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Payable visit or not?

  1. #1
    Default Payable visit or not?
    Medical Coding Books
    Pt came in to see FNP. Had IMZ (Tdap) done and lab draw for something the pt will see the MD for at the next visit.

    I want to bill 90715, V06.1 and 90471.

    Is this billable as a nursing visit (99211) or just bill for the Immunization?

    Can I also bill for the 36415, 99000 with the 272.4 if it's done by an RN?
    Heidi Thompson, CPC

  2. #2
    Location
    Tacoma, WA
    Posts
    1,087
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    Quote Originally Posted by hthompson View Post
    Pt came in to see FNP. Had IMZ (Tdap) done and lab draw for something the pt will see the MD for at the next visit.

    I want to bill 90715, V06.1 and 90471.

    Is this billable as a nursing visit (99211) or just bill for the Immunization?

    Can I also bill for the 36415, 99000 with the 272.4 if it's done by an RN?
    Looks like just the immunization for billing.
    Arlene J. Smith, CPC, CPMA, CEMC, COBGC

  3. #3
    Default
    Quote Originally Posted by hthompson View Post
    Pt came in to see FNP. Had IMZ (Tdap) done and lab draw for something the pt will see the MD for at the next visit.

    I want to bill 90715, V06.1 and 90471.

    Is this billable as a nursing visit (99211) or just bill for the Immunization?

    Can I also bill for the 36415, 99000 with the 272.4 if it's done by an RN?
    A couple of questions:
    1. Patient's over 18? (I'm assuming so, with the lipid problem being mentioned)
    2. Who decided to order the labs, and when? The MD, or the PA? Did the MD see the patient at all, or was it a standing order?
    3. Was the MD in the office at the time?
    4. What kind of insurance is it?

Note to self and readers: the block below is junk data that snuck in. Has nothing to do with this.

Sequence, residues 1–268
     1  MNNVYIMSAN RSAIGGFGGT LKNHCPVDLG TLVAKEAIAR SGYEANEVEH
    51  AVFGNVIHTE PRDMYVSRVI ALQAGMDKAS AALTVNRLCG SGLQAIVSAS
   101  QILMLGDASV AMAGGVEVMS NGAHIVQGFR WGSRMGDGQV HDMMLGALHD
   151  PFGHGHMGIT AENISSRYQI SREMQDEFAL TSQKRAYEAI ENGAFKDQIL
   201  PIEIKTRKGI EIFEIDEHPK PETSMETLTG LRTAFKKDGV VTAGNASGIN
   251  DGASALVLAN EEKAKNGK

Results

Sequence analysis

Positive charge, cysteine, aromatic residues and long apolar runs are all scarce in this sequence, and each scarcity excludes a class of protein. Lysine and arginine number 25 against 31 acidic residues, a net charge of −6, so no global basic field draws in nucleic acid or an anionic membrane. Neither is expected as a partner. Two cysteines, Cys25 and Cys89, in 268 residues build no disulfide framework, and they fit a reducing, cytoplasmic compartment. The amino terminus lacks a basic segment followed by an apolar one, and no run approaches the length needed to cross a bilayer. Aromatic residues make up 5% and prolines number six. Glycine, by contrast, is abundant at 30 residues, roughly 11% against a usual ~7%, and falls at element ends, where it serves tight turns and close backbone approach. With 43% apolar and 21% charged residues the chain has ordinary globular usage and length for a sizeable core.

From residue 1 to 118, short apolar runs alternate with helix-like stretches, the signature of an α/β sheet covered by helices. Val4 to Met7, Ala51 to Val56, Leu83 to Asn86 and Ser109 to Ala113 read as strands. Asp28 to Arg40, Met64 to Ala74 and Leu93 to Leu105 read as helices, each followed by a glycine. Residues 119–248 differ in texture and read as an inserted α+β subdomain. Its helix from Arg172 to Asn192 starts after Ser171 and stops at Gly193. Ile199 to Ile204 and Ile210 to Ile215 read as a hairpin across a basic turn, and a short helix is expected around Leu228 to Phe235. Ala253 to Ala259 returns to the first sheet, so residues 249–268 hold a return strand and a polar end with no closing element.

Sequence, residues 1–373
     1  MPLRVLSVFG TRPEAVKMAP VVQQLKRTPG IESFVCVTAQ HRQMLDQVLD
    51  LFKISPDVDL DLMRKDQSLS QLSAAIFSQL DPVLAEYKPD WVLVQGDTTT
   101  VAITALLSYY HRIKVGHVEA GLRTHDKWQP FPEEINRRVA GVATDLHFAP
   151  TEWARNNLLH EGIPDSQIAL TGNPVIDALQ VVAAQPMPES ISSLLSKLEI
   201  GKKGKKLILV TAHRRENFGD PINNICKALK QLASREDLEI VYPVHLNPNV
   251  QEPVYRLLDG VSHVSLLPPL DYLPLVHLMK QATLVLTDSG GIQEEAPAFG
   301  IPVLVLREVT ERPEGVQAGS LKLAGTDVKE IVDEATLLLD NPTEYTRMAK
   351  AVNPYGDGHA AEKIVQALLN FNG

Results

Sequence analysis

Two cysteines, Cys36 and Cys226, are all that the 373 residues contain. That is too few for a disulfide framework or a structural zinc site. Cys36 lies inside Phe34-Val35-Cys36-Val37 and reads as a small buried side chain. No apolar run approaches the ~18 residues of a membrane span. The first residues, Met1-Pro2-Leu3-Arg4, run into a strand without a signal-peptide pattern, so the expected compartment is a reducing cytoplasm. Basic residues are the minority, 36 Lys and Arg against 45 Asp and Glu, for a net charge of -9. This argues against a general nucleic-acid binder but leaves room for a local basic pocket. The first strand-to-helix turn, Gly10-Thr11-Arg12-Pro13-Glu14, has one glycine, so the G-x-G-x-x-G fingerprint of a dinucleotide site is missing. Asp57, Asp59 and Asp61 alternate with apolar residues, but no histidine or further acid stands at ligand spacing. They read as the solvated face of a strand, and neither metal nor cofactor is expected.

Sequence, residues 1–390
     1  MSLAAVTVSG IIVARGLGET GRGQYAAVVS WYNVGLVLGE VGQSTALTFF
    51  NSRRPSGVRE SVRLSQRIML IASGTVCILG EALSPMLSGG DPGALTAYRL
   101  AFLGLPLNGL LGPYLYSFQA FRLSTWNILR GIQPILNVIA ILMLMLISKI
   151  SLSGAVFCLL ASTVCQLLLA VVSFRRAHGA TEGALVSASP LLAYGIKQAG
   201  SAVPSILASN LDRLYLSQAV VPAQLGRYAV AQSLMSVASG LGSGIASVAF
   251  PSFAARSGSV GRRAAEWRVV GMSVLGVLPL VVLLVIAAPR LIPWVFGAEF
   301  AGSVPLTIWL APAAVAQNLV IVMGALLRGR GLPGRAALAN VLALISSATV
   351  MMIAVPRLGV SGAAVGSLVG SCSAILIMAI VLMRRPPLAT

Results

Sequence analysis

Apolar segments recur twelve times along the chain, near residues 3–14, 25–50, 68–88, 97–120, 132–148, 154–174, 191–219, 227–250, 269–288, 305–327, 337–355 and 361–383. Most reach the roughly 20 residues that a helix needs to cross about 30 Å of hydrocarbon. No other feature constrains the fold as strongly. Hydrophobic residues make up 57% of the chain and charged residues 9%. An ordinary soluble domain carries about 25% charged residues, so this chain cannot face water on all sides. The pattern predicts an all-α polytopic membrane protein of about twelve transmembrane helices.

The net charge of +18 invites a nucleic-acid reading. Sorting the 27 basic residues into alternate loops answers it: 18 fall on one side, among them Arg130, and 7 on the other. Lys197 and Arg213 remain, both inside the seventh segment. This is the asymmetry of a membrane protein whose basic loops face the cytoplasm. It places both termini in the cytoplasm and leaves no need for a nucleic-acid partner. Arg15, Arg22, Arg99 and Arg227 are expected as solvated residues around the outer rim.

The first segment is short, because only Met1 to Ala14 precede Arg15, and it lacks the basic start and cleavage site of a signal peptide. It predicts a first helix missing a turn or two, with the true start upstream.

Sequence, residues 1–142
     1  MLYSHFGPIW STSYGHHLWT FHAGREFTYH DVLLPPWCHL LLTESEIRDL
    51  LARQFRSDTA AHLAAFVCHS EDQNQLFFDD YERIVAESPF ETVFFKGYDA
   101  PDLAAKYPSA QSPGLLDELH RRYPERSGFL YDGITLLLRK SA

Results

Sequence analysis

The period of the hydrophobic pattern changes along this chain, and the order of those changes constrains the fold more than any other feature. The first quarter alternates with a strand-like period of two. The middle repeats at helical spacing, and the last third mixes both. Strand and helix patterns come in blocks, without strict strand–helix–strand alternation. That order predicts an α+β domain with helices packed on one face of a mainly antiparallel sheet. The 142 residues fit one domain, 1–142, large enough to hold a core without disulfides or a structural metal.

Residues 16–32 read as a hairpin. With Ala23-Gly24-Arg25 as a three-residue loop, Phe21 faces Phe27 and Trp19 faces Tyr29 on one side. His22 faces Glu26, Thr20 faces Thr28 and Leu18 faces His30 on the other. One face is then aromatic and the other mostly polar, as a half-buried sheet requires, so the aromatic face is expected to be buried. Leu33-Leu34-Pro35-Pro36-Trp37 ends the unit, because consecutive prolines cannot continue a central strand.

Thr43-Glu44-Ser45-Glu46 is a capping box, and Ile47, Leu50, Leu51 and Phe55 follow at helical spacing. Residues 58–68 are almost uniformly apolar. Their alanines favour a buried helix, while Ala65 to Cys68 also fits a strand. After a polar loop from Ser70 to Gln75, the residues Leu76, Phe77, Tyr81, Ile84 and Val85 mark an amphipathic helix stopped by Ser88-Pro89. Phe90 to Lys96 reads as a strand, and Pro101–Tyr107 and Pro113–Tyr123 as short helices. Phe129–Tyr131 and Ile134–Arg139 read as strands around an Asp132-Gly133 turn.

If the patient's over 18, bill the FNP's services as 90471, 90715. Do not bill a 99211.
    I'm curious about the lab - it makes it sound as though there was more to the visit than the vaccine, meaning that there may be room to bill an E/M - possibly even under the MD's name, under the right circumstances.

  4. #4
    Default
    Quote Originally Posted by btadlock1 View Post
    A couple of questions:
    1. Patient's over 18? (I'm assuming so, with the lipid problem being mentioned)
    2. Who decided to order the labs, and when? The MD, or the PA? Did the MD see the patient at all, or was it a standing order?
    3. Was the MD in the office at the time?
    4. What kind of insurance is it?

    If the patient's over 18, bill the FNP's services as 90471, 90715. Do not bill a 99211.
    I'm curious about the lab - it makes it sound as though there was more to the visit than the vaccine, meaning that there may be room to bill an E/M - possibly even under the MD's name, under the right circumstances.
    Patient is over 18. Insurance is Medicaid. The lab was in preparation for a visit the following week.

    I think I'm comfortable billing for the IMZ only. Now I'm curious if I can also bill the 36415, 99000 without a 99211? That sounds better to me than trying to get a 99211 out of it, I just didn't want to throw any money away that we're entitled to. I'm just not feeling the entitlement.

    The patient DID see an FNP, no MD on site. That's how they do it in this clinic out in a remote location. MD only sees patients on a monthly basis.